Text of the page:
Question for the Money Doctors
Question submitted on May 24, 2016.
QuestionMy daughter is 14 and has approximately $1000 in cash from jobs (pet-sitting, baby-sitting, etc.) and birthday/holiday gifts.
She would like to invest it, ostensibly for college and/or her retirement.
How should I begin researching to find the best vehicle for either college savings or for longer-term like her retirement? What aspects should we consider? I would prefer to not impact her future ability to qualify for financial aid when she reaches college age.
At 14, and assuming the income is earned and reported on her tax return as eligible compensation (such as wages reportable on a W-2), a retirement savings account would be an option. Given she most likely has no other income and therefore, is in a low tax bracket, a Roth IRA could work if she would prefer to save/invest the funds for retirement.
The good news is that your daughter can take her $1000 and open a college savings account. Research your state’s 529 College Savings Plan. These plans offer a variety of investments and in some states there are tax incentives to save. Distributions are tax-free when used for qualified higher education expenses such as tuition, fees, room, and board.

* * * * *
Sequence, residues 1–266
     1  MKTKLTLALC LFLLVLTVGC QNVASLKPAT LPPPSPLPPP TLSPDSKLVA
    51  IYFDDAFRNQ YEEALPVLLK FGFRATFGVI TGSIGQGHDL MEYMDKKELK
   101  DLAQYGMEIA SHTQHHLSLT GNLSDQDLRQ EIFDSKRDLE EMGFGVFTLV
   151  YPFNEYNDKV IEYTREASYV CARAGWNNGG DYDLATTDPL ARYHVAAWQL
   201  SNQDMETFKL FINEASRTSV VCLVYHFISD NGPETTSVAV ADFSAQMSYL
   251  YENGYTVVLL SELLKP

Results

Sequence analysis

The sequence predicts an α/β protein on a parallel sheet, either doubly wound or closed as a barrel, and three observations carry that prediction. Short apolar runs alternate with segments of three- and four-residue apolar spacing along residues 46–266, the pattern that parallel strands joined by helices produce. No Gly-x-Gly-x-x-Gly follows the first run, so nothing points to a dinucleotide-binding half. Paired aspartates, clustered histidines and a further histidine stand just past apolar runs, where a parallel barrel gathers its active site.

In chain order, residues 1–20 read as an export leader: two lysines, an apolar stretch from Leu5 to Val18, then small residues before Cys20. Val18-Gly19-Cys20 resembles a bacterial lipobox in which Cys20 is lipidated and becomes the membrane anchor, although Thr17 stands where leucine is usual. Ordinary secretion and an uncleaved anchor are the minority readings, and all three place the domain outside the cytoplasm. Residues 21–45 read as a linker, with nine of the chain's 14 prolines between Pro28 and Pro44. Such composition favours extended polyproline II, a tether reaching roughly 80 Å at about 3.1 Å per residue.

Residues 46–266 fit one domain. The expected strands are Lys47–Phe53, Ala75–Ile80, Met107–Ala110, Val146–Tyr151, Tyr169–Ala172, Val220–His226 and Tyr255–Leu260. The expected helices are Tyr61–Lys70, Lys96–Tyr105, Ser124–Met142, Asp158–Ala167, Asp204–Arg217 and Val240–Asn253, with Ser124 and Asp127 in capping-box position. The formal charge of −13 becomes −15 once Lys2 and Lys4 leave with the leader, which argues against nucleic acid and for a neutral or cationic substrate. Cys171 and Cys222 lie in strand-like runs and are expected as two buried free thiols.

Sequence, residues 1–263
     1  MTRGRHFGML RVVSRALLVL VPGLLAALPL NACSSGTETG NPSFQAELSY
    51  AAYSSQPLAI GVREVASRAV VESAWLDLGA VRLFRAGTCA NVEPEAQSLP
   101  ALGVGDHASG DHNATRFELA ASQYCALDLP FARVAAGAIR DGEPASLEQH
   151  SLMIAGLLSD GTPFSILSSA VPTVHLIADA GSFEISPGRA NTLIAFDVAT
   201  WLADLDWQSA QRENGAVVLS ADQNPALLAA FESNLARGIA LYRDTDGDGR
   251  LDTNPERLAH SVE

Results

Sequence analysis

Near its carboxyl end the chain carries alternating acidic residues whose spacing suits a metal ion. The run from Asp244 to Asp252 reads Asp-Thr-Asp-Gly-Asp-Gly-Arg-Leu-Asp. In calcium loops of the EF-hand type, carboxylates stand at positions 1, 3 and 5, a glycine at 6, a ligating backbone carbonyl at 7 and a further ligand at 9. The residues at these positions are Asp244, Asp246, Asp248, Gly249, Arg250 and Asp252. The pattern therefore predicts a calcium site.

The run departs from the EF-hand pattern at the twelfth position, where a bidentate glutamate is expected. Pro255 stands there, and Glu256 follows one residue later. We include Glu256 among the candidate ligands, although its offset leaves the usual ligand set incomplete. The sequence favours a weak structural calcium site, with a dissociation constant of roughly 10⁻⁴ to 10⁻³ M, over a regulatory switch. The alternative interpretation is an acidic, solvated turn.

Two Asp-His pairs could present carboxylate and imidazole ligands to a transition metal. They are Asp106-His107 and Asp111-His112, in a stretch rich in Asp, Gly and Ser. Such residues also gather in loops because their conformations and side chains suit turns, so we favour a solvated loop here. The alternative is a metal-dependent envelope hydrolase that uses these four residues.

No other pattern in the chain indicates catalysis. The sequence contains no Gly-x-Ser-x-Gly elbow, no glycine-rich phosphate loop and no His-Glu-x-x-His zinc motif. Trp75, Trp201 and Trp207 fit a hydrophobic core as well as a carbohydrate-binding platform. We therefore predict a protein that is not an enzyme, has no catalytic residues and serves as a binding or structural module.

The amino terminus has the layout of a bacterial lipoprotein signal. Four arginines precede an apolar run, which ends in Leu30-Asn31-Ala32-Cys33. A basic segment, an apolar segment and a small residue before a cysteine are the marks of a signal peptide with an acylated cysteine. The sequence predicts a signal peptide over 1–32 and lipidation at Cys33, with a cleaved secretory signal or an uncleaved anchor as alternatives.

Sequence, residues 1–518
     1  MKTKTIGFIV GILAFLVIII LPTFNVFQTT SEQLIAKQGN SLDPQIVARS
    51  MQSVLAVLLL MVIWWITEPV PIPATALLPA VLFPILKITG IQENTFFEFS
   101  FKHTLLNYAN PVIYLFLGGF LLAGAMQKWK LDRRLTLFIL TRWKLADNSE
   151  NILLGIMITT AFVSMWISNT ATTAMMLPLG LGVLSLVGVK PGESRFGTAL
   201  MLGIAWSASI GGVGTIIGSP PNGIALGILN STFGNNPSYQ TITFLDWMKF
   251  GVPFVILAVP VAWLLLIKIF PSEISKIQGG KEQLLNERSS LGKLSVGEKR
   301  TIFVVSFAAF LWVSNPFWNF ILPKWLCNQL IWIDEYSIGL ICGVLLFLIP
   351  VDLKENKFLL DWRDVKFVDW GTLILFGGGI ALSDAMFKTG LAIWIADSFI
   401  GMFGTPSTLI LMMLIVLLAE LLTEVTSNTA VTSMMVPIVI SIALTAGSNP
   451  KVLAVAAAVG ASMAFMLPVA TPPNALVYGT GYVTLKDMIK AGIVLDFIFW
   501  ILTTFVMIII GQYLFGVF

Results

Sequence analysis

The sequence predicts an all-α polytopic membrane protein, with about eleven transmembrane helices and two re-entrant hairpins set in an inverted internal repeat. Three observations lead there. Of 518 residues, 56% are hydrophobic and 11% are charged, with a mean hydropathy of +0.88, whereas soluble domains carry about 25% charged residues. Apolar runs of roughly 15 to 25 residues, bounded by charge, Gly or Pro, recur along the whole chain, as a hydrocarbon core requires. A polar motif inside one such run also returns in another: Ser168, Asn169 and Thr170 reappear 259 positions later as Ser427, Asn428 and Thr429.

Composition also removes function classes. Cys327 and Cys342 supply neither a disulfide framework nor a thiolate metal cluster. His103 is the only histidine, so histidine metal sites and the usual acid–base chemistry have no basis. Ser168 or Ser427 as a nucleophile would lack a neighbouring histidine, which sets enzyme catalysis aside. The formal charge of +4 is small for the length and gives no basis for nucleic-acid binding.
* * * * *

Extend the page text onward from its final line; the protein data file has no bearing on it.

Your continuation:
Even if she opens a 529 account in her name, the balance will be counted as a parental asset on the Free Application for Federal Student Aid (FAFSA). This is favorable to your daughter because parental assets are weighed far less heavily when preparing financial aid calculations.
The $1000 initial deposit would be a jumpstart to greater savings. Your daughter can continue to contribute and other family members are also eligible to make deposits on her behalf.
Also, consider working with a CPA/PFS in your area if you need assistance with this process from a planning perspective. www.findacpapfs.org.
For additional information visit http://www.360financialliteracy.org/